The public is a hard taskmaster. I’ve had people complain to the boss that they had seen me take money from people donating money, who were in a big hurry and would probably have thrown the money at the kettle if I hadn’t intervened; disabled who couldn’t reach the slot on the kettle; or toddlers who couldn’t reach high enough.

People who donate always make me think they have given as much as they possibly can give. Some throw in change. Then they turn back and say, I forgot. I have another couple dollars. They throw that in the kettle. Sometimes they are apologetic—That’s all I have; I spent it shopping. I’ll remember you next time, and they do.

Winter on the Oregon coast is not quite cold enough for snow, but worse. I remember more than one freezing rain storm, a couple of hail storms, and occasionally near typhoon force winds. If the wind blew down the sidewalk, I’d watch as customers exiting the store were nearly swept away by a surprise gust of 50-60 mph wind. And still they donated. I remember holding on to heavy objects like telephone poles walking to the grocery store to get lunch on break, and sailing downwind back to work. Most stores don’t want bells-ringing in the store itself so weather is something you live with, hail or high water. Usually, bell ringers stop work during severe weather.

The most excitement I had bell ringing was my mistake. Leaving your kettle unattended, even for a minute, is not only negligent and can get you fired, but an invitation to those opportunistic thieves, ever-present. Just inside the door; just for a minute, I thought. My feet were nearing freezing temperatures. Shoppers were staying home tonight. It was late, 7 p.m. The store closed at 8 p.m. I expected the captain to pick up the kettle anytime. The kettle was never out of sight — what could happen?

I saw a pair of legs through the glass door and a hand reaching for the kettle stand, lifting it. Great, I thought, the captain is getting the kettle. No. “Hey, is that guy robbing you?” a man in the parking lot yelled as I stepped out to greet the captain. I looked and saw a man running down the sidewalk, carrying the stand with the kettle still attached, bouncing along. “Yes,” I yelled, and followed the running thief. The robber turned at the corner of the building and slipped into the dark — an embankment to the road on that side. In rear an employee parking lot. I didn’t feel brave enough to chase. An employee next door called the police. Around the corner I found the stand and kettle. The thief was gone; the kettle was unopened.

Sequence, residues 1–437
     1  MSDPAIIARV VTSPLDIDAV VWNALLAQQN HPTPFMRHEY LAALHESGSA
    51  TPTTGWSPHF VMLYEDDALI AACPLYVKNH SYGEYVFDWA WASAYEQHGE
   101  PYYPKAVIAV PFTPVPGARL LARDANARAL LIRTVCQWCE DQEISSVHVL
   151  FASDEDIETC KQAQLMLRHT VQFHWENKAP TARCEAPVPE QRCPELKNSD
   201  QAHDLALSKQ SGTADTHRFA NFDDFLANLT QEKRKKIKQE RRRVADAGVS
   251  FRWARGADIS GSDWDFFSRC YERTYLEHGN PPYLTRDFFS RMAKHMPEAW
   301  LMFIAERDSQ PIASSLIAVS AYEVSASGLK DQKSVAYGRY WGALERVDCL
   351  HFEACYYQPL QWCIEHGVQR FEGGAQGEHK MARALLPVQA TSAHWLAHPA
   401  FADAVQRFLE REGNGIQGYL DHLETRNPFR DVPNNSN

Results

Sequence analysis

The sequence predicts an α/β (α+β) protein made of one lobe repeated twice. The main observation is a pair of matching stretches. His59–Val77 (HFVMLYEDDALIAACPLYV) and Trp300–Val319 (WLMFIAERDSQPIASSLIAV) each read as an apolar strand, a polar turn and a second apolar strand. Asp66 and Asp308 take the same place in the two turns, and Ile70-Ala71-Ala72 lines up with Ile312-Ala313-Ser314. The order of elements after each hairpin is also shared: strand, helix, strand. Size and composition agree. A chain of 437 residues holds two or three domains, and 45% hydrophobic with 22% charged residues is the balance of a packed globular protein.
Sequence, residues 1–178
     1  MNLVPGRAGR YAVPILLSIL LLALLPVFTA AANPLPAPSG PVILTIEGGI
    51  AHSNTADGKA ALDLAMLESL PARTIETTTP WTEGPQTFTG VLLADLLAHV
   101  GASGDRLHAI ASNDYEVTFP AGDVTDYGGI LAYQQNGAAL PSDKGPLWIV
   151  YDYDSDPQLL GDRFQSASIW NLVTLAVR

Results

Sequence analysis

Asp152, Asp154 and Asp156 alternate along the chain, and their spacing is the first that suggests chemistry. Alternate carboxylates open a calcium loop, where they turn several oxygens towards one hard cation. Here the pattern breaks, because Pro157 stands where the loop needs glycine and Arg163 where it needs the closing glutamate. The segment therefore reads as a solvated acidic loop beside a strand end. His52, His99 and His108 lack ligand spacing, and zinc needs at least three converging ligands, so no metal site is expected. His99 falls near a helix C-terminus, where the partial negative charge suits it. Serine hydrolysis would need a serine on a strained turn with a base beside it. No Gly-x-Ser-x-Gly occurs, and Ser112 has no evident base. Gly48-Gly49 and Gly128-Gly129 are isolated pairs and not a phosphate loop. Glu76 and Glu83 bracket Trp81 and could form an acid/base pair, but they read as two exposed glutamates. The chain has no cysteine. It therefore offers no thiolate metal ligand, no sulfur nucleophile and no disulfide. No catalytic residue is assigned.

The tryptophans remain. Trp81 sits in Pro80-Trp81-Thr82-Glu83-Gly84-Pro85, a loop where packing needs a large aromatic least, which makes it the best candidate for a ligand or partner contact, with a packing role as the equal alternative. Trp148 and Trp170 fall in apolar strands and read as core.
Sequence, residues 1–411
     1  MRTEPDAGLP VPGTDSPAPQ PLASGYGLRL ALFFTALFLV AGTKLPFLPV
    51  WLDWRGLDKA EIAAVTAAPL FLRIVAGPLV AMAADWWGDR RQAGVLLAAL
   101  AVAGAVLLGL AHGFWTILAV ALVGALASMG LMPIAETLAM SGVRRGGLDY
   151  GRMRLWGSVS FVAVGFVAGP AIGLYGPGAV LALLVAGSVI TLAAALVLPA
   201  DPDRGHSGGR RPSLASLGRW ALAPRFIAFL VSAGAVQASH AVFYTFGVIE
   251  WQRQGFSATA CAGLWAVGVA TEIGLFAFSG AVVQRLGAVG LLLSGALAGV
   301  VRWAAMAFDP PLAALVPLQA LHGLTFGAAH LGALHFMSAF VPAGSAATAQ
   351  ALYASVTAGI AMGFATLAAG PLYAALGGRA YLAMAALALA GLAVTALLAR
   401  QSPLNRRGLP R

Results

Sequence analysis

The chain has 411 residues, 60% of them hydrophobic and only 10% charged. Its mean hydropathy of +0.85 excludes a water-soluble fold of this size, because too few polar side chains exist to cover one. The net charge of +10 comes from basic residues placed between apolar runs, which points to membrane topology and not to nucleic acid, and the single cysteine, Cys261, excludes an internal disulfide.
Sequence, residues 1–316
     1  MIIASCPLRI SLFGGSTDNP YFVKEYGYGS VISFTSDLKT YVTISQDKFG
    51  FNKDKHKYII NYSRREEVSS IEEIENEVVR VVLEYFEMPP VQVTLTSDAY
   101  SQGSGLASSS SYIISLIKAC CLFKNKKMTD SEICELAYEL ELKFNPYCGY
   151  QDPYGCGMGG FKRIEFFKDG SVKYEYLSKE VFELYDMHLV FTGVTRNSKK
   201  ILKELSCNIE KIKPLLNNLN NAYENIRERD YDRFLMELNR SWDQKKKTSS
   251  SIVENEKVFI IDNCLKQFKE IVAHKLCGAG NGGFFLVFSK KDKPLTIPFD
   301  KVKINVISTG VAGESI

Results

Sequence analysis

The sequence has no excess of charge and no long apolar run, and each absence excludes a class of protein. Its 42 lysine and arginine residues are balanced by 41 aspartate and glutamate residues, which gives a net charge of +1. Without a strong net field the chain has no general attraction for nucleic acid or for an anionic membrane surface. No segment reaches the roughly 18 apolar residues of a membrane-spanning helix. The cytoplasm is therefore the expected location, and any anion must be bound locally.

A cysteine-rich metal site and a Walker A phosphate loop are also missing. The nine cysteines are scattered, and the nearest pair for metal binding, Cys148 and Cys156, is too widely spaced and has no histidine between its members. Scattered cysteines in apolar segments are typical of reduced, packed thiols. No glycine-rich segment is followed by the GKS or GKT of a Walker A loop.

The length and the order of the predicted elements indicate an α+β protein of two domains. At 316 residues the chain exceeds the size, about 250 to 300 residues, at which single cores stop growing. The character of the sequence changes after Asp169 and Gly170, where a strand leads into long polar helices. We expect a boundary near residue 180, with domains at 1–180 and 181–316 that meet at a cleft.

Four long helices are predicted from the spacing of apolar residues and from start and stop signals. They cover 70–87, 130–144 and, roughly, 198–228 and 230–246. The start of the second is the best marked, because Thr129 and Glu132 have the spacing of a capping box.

“Someone drove around back and hit the thief with his car,” a customer said. “He dropped the kettle and took off running.” The police never found him.

I’ve started bell ringing in Albany. The job is still the same job. The work is sometimes harsh in the weather, boring when it’s slow, but the rewards are worth the effort. A lot of people depend on the Salvation Army and the bell ringers who collect donations. I can’t imagine a Christmas without the Salvation Army. At least once a year I have a warm bed, a hot meal, and a steady job.

By Phil Hennin

    Print       Email
  • Published: 1698 days ago on December 4, 2009
  • By:
  • Last Modified: December 3, 2009 @ 10:23 am
  • Filed Under: News
  • Tagged With: christmas
 

You might also like...

CHILDREN’S HEALTHCARE OF ATLANTA RANKED AMONG TOP 100 EMPLOYERS FOR NINTH YEAR IN A ROW BY FORTUNE MAGAZINE

Read More →
SEO Powered by Platinum SEO from Techblissonline